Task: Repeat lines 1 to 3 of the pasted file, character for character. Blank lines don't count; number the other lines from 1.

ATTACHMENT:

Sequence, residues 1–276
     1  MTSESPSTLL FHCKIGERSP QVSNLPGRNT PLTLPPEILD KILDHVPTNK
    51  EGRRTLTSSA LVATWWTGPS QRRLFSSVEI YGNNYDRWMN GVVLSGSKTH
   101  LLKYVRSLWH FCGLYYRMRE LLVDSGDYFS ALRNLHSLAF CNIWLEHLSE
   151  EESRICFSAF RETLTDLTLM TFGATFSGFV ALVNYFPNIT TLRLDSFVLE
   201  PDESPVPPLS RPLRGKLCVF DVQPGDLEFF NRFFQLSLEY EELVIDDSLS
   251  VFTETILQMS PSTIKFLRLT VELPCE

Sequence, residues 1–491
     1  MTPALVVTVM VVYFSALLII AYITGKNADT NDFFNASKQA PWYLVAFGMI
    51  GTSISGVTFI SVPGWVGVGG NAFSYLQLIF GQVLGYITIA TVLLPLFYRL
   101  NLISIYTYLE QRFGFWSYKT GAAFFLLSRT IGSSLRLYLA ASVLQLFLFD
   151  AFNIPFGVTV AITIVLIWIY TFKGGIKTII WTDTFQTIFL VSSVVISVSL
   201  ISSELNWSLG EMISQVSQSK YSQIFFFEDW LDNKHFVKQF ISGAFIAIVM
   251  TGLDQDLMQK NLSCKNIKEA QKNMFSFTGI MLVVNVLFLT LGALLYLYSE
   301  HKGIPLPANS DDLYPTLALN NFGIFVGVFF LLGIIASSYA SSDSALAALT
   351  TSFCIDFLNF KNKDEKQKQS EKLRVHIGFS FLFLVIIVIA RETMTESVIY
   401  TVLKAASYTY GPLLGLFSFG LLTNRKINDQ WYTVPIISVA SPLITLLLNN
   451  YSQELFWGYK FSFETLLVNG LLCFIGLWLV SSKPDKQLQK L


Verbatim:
Sequence, residues 1–276
     1  MTSESPSTLL FHCKIGERSP QVSNLPGRNT PLTLPPEILD KILDHVPTNK
    51  EGRRTLTSSA LVATWWTGPS QRRLFSSVEI YGNNYDRWMN GVVLSGSKTH